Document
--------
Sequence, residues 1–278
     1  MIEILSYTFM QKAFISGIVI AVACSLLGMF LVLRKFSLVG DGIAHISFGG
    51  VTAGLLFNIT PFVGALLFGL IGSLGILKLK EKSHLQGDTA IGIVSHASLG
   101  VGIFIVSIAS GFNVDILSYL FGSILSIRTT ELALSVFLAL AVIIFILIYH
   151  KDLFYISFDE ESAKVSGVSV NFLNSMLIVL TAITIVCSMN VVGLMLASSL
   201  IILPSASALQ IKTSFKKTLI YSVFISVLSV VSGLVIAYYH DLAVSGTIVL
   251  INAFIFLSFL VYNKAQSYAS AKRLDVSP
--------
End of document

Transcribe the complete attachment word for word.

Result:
Sequence, residues 1–278
     1  MIEILSYTFM QKAFISGIVI AVACSLLGMF LVLRKFSLVG DGIAHISFGG
    51  VTAGLLFNIT PFVGALLFGL IGSLGILKLK EKSHLQGDTA IGIVSHASLG
   101  VGIFIVSIAS GFNVDILSYL FGSILSIRTT ELALSVFLAL AVIIFILIYH
   151  KDLFYISFDE ESAKVSGVSV NFLNSMLIVL TAITIVCSMN VVGLMLASSL
   201  IILPSASALQ IKTSFKKTLI YSVFISVLSV VSGLVIAYYH DLAVSGTIVL
   251  INAFIFLSFL VYNKAQSYAS AKRLDVSP